FORT BRAGG, N.C. — “I can do this!” Those four words were the driving force pushing Sgt. Romario Williams to run through the finish line of the 12-mile foot march on his journey to earn the title of Expert Field Medic.
Williams, assigned to the Eisenhower Army Medical Center out of Fort Gordon, Ga., earned the Expert Field Medical Badge after a week-long event testing his strength, resilience and mental fortitude Oct. 28 on Fort Bragg, N.C. For Williams, this was his third attempt at earning the coveted Expert Field Medical Badge, or EFMB.
“I feel like I’m on cloud nine,” said Williams. “One year ago, I tried for the badge and here I am 365 days later. I feel like a champion.”
The EFMB is the non-combat equivalent of the Combat Medical Badge, and the event consists of a physical fitness assessment, written test, day and night land navigation, three combat testing lanes and concludes with a 12-mile foot march.
This year, Fort Bragg’s very own 44th Medical Brigade hosted the EFMB competition with 150 participants from across the U.S. Army. The objective of the rigorous testing was to challenge each competitor both physically and mentally. To earn the badge, Soldiers had to display their exceptional competence and outstanding performance in various areas of the medical field. By the end of the qualification, only 39 participants out of more than 150 Soldiers passed all requirements and were pinned the esteemed badge on Pike Field on a beautiful Fall morning.
Lt. Gen. R. Scott Dingle, the 45th Surgeon General of the United States Army and commanding general of the U.S. Army Medical Command, solidified the dedication it takes to earn the coveted badge in his speech during the pinning ceremony.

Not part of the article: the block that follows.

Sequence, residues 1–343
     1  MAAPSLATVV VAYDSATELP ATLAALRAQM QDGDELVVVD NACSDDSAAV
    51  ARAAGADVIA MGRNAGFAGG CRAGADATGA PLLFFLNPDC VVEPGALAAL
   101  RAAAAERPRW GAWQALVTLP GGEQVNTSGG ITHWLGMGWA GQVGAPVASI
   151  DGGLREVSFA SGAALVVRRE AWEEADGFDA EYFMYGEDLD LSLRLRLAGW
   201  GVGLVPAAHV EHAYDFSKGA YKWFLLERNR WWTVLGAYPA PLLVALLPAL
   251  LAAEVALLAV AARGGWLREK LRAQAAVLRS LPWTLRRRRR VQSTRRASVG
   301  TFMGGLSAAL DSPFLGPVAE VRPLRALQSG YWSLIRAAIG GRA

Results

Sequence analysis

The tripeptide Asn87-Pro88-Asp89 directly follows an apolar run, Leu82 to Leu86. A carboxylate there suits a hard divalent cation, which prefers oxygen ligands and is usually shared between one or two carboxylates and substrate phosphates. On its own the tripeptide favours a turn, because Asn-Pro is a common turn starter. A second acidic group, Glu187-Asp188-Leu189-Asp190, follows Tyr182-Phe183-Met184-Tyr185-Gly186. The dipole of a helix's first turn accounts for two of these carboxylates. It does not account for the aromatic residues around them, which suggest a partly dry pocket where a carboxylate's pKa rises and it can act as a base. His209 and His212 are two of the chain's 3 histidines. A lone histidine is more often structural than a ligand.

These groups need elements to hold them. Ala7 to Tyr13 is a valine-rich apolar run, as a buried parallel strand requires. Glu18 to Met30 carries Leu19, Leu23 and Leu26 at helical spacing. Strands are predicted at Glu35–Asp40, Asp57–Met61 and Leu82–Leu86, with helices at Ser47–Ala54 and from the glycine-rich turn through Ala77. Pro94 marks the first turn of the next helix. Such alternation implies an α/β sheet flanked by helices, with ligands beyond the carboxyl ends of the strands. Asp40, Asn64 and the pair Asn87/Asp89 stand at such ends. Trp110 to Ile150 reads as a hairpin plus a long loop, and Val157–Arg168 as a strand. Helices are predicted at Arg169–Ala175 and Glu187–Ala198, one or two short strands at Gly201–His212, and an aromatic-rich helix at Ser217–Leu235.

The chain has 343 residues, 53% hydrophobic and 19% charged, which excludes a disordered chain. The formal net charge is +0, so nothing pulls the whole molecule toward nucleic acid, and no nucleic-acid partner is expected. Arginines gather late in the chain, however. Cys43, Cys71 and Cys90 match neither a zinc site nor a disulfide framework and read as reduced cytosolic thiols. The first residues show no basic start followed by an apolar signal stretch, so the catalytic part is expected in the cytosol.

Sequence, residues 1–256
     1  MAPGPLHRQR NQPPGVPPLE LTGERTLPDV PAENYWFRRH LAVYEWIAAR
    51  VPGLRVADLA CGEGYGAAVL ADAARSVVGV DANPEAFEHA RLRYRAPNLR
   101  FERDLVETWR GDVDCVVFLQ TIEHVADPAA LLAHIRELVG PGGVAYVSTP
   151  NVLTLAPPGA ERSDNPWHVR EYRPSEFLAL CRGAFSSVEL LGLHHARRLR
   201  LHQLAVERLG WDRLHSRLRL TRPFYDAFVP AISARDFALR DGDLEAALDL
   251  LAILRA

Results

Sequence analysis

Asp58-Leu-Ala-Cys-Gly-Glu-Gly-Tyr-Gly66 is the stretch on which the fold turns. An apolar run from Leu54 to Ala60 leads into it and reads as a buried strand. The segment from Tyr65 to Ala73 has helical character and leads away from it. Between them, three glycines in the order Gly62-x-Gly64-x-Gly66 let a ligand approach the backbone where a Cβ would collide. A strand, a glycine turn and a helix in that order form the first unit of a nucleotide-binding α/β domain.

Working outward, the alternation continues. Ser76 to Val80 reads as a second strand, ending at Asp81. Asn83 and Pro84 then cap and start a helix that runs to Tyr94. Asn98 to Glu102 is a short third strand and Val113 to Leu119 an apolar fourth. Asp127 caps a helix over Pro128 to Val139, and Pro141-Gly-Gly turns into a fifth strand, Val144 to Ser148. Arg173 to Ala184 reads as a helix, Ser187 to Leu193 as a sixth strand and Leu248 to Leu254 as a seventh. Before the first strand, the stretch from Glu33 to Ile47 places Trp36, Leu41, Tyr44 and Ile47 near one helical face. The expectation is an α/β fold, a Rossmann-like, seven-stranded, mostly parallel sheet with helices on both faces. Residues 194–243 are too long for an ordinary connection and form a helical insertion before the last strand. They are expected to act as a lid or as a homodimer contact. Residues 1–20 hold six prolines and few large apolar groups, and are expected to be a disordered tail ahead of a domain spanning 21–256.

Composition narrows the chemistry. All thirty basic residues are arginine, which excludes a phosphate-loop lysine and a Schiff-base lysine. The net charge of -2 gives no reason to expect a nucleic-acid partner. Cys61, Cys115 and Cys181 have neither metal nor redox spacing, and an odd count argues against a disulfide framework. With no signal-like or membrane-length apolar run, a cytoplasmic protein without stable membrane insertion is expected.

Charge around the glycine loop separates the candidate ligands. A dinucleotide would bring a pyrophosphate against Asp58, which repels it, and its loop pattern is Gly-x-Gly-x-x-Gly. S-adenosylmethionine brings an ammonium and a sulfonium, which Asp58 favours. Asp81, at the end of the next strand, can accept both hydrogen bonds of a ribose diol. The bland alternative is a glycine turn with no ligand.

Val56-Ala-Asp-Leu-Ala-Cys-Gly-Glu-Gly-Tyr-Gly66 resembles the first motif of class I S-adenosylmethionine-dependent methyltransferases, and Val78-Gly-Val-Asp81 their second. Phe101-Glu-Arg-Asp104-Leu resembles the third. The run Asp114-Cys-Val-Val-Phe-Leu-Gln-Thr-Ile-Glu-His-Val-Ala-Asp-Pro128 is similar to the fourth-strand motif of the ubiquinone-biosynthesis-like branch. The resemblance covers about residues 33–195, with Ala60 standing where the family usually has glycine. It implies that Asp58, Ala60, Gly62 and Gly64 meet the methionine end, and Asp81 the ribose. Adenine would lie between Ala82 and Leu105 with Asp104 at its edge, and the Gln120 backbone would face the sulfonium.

“Many are called but few are chosen,” said Dingle. “Yet even fewer have the intestinal fortitude and courage to compete for the Expert Field Medical Badge.”
During the event, Williams completed multiple demanding tasks that displayed his skills and knowledge of tactical combat casualty care and physical excellence. Williams said his command team was there to support him through every physical and mental obstacle of this rigorous testing.
“My biggest motivation was coming out here and seeing my command team here with me,” said Williams. “They drove up here in the middle of the night and said they’d be here every step of the way with me and that means a lot.”
The EFMB is no small feat and requires perseverance and commitment to attain this badge. According to current statistics kept by the XVIII Airborne Corps, the current pass rate is only 29% for this fiscal year thus far. Knowing this, Williams refused to give up.
“I’m proud of myself for not giving up,” he said. “My first EFMB attempt was heartbreaking. The second one was a little more heartbreaking, but with the third one, not giving up was the key.”
The EFMB sets apart expert medics from their peers and validates professional distinction to the medical profession. After earning the badge and title of Expert Field Medic, Williams plans to pass on his knowledge to other Soldiers, preparing and motivating them to challenge themselves.
“Don’t stop trying,” said Williams. “If it’s your first, or fourth, or 100th time trying the EFMB, don’t stop trying. It’s worth it.”